Continued industry uncertainty, length of time for businesses to recover and the threat of a second wave of coronavirus infections were three of the dominant themes during the Heavy Duty Manufacturers Association’s (HDMA) webinar held Wednesday.
“Far and away the most important consideration is there’s just a tremendous amount of uncertainty right now driven largely by [COVID-19] and the impact it’s having not just on our economy but around the globe,” said Steve Tam, vice president, ACT Research. “There is an end in sight. We are making progress toward developing a vaccine but we are also concerned about the possibility of a second wave of infections as economies begin to restart.”
The economy already was struggling pre-coronavirus and Class 8 truck production was forecasted last December to be 25 percent lower this year compared with 2019, Tam said.
“COVID-19 changed those expectations dramatically. At the beginning of this pandemic there were a lot of different theories as to how it was going to progress … and the reality is it hard and it hit fast and it’s going to take time for us to repair the damage that was done in a very short period of time,” he said.
However, Tam added, what will help the industry return is “pent up replacement demand as carriers had cut back budgets and delayed or at least deferred replacement of equipment that needs to be replaced.”
While the impact of COVID-19 cannot be ignored, Tam said a theme is starting to emerge not just in consumer confidence or in the economic data, but in the trucking industry as well.
“We are seeing all around the economy pieces of good news, if you will. There are little silver linings peppered through the data and indicators we look at. That’s one of things that suggests we found the bottom and things are starting to improve,” he said. “Granted, that improvement is going to take some time to get back to pre-COVID levels. Nonetheless, it would appear as though we’re going to see things progress rather than deteriorate as we move forward.”
Tam highlighted several key issues that will need to be addressed and events that will need to occur to help the industry climb back from the depths in which the pandemic has put it.
Among them are virus testing and contact tracing, configuring manufacturing operations and general working conditions to ensure the safety of workers, a plan in case a worker contracts the virus and how consumers are going to behave in light of the current unemployment situation. “We have to get folks back to work to restart consumption; it’s plain and simple,” he said.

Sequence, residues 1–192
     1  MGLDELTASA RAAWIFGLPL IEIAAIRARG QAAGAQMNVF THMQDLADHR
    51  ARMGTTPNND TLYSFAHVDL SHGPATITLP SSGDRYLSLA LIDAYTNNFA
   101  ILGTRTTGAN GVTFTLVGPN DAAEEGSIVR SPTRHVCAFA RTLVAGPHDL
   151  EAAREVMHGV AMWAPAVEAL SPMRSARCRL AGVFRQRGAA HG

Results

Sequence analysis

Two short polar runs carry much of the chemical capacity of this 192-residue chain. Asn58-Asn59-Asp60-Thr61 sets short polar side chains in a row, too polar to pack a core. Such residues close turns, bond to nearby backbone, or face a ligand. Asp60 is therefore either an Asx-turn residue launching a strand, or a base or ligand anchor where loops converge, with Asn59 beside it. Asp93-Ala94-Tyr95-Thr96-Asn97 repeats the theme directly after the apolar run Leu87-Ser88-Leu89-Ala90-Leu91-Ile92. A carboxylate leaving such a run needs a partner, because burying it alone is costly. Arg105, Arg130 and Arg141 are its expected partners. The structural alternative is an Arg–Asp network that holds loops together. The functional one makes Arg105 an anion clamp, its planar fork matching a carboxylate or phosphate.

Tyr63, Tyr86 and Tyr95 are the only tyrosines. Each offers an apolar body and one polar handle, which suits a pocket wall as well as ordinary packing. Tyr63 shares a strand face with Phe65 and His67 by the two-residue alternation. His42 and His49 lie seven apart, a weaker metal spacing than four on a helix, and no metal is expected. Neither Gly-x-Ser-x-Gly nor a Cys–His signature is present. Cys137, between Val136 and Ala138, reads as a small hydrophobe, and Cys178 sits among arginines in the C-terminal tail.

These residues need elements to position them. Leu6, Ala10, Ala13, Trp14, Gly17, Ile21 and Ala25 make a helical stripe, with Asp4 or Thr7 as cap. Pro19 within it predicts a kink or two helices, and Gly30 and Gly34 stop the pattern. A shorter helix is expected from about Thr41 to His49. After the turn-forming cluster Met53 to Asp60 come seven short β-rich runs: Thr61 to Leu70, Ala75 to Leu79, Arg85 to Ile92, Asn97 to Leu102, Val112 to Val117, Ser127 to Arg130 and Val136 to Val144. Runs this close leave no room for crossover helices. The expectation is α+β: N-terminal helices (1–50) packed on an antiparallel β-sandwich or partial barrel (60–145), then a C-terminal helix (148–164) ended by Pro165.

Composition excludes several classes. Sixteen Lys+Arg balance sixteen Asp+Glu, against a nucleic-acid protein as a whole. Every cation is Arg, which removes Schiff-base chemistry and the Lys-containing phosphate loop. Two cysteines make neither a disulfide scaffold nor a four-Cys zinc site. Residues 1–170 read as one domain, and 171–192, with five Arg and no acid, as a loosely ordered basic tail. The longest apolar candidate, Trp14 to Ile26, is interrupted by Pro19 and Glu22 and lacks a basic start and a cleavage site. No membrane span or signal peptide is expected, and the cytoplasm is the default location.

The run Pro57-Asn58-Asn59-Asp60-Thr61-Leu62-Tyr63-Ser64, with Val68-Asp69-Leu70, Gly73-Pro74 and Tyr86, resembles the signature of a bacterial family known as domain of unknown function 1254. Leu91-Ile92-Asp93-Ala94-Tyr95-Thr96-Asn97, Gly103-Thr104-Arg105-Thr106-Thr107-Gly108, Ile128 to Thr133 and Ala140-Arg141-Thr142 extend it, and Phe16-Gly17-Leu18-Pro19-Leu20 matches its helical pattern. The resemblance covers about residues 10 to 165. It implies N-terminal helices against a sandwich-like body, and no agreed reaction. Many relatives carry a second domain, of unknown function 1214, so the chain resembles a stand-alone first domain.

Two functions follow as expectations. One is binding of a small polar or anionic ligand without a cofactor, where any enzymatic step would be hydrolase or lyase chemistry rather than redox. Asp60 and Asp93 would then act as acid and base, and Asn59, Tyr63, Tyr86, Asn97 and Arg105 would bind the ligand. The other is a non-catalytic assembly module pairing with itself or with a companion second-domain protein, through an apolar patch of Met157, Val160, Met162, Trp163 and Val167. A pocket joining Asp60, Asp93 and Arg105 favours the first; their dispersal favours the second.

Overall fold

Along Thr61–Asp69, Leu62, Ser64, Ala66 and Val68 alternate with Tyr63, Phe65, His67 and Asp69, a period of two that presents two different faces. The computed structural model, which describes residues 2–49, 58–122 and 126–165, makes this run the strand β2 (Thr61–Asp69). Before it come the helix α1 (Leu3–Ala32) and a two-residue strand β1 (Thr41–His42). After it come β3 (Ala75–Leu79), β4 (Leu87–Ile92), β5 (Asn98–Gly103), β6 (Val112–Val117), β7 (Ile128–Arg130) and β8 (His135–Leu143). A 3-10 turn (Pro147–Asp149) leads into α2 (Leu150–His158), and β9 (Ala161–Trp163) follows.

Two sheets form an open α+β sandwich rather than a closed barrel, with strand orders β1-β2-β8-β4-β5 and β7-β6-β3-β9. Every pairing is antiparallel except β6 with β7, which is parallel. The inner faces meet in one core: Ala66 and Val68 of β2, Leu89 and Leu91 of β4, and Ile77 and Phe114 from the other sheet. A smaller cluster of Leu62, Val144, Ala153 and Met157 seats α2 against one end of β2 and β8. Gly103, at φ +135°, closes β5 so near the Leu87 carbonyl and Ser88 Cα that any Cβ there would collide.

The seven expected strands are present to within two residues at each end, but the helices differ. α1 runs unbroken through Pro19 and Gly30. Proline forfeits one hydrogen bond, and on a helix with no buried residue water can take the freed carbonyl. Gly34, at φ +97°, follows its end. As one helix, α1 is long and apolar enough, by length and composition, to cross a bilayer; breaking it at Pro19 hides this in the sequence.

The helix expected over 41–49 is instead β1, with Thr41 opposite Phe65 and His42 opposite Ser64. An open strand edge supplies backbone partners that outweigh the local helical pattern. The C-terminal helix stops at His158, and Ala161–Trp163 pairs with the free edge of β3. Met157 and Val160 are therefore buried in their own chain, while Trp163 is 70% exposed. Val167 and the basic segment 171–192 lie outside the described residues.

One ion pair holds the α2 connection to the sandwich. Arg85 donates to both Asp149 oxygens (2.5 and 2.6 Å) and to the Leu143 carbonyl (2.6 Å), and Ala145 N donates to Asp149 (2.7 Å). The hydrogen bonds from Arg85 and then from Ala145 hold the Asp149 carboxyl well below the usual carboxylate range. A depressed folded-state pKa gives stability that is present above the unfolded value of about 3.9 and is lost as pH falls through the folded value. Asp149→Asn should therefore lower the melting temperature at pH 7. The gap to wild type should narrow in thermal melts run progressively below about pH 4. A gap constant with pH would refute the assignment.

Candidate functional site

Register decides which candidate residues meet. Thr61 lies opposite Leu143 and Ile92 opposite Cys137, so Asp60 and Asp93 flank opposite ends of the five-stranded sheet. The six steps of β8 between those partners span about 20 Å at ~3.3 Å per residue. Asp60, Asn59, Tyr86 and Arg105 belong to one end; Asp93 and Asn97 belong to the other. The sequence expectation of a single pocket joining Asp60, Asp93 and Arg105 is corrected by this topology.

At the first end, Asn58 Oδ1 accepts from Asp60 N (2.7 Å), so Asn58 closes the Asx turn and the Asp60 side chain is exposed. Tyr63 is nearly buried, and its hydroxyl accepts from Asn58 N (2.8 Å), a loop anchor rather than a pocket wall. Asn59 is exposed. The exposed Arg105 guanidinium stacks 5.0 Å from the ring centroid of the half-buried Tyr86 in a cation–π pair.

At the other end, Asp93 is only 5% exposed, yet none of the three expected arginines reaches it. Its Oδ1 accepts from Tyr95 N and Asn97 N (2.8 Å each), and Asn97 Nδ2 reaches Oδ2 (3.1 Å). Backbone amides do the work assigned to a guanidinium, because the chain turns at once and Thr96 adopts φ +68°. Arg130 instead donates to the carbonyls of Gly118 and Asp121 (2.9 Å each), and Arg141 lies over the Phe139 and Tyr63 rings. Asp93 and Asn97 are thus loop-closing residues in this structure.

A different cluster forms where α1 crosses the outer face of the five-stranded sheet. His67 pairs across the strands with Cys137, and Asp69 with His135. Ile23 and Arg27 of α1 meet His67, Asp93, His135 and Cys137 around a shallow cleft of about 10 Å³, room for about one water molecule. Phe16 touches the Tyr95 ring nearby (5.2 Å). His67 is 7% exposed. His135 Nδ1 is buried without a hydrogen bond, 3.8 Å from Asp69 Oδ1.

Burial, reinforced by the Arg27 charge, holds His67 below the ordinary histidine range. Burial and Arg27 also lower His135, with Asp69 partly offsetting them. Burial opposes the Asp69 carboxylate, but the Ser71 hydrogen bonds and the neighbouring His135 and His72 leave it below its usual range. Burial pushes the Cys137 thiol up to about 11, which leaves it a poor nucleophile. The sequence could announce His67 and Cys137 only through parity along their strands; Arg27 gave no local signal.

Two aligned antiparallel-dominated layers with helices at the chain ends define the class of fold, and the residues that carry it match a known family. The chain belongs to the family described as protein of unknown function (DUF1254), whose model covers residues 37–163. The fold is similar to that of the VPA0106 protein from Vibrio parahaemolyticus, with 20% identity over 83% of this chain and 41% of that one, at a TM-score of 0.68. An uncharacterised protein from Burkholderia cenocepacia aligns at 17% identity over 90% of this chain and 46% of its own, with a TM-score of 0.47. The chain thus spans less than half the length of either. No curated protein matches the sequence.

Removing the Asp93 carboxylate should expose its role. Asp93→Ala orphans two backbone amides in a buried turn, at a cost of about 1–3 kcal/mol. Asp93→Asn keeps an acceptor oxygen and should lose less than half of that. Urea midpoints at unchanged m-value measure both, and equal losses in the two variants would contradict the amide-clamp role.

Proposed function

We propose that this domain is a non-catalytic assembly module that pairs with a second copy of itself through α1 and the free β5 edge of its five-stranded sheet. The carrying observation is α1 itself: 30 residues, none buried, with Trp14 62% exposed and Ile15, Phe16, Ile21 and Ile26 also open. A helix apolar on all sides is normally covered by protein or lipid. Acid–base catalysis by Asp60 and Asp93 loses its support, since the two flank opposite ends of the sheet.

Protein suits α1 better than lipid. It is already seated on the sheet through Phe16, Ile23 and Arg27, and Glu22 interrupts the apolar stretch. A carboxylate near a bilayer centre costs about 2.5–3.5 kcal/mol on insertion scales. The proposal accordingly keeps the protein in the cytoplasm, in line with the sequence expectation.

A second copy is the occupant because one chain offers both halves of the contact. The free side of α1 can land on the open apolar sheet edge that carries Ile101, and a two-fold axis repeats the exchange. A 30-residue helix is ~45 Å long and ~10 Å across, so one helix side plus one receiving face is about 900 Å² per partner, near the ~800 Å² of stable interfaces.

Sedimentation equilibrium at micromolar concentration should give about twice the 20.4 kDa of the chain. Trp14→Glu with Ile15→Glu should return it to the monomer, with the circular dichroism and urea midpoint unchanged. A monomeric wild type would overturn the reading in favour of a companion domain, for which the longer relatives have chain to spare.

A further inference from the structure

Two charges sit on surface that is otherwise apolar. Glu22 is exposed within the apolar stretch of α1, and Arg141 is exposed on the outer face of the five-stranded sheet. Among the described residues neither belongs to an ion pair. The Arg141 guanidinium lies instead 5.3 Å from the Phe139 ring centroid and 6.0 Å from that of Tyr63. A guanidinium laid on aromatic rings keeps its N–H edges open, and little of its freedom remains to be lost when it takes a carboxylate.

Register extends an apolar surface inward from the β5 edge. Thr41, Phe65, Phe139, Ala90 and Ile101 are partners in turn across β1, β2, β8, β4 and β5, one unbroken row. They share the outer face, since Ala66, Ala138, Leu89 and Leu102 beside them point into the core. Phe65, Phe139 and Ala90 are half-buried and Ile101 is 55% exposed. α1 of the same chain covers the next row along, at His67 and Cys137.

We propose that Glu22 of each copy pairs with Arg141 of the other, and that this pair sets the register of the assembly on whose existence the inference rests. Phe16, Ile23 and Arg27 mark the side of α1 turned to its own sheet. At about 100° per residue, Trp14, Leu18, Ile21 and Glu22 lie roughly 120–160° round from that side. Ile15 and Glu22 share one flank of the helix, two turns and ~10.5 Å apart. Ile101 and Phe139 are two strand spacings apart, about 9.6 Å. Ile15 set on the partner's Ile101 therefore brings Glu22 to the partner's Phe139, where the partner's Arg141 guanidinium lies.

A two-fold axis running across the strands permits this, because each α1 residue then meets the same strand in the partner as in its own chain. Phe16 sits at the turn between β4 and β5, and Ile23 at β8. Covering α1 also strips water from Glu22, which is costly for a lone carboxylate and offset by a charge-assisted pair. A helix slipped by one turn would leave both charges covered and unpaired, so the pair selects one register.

As part of the webinar, Richard Anderson, HDMA director, market research and analysis, addressed the latest preliminary Pulse Survey results from its members.
Suppliers are facing a second quarter decrease in business plan of 48 percent on average. “We see this number slip every time we run the question. As the pandemic wears on, the impact becomes greater to overcome in this quarter,” Anderson said.
The survey also indicates the supply chain is, for the most part, not under stress. Inbound delays are now at only 4.83 days and outbound delays are at 4.85, but this likely is a reflection of lower order levels.
“We don’t expect these metric levels to stay stable. How the economy and our sector recovers is unknown. It’s unlikely to be perfectly smooth, so there will be difficult times for suppliers,” Anderson said. “There will be times when outbound delays exceed inbound delays, most likely, just because of the nature of recovery. But a lot really does depend on how the restrictions for business are lifted. If they are lifted very suddenly, we could see a big blockage in the supply chain.”
The survey also asked suppliers’ level of concern over a second wave of virus infections.
“A huge percentage of our members (84 percent) believe there is a moderate or higher risk for a second wave of COVID-19 infections, meaning the work they’re doing now is something they plan to do long term. The danger for further infection is real and is something in our suppliers’ plans to handle,” Anderson said.
When suppliers were asked to rank the No. 1 challenge to restarting normal business operations, accuracy of production and demand forecasts again topped the list at 61 percent. Placing a distant second, yet still causing considerable concern (26 percent), was business cash flow.
“As we have seen in the past three surveys, the No. 1 concern is clearly the accuracy of production and demand forecasts. [Also] we’ve really seen a rise in cashflow concerns. Orders are way down, as we know. But coupled with this lack of forecast accuracy, it compounds the difficulties of balancing the workforce and facility requirement to the demand levels,” Anderson said.